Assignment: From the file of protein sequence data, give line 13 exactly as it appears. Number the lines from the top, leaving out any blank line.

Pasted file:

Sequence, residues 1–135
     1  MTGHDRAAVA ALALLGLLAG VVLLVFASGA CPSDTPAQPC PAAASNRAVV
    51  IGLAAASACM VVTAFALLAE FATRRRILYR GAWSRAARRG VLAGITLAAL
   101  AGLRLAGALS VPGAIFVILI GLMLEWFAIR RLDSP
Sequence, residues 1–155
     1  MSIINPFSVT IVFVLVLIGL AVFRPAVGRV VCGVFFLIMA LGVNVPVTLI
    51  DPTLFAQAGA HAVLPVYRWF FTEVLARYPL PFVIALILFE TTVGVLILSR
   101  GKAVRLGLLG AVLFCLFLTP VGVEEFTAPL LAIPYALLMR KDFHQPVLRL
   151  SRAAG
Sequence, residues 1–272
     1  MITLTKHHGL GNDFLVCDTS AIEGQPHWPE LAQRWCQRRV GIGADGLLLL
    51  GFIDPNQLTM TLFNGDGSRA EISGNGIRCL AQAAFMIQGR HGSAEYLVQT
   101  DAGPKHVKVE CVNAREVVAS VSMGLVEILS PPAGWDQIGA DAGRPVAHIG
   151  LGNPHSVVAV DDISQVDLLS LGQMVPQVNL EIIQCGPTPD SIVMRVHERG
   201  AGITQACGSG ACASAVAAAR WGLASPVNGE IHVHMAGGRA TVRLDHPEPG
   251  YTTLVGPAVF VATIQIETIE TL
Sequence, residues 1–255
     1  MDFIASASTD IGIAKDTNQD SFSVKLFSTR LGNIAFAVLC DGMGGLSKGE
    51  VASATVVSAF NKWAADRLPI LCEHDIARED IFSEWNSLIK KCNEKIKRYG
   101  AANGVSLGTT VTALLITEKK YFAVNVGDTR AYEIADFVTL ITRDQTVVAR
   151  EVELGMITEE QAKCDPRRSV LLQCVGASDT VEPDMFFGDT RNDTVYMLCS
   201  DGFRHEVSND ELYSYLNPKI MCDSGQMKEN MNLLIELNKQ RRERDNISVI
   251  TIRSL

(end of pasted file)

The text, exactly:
   101  DAGPKHVKVE CVNAREVVAS VSMGLVEILS PPAGWDQIGA DAGRPVAHIG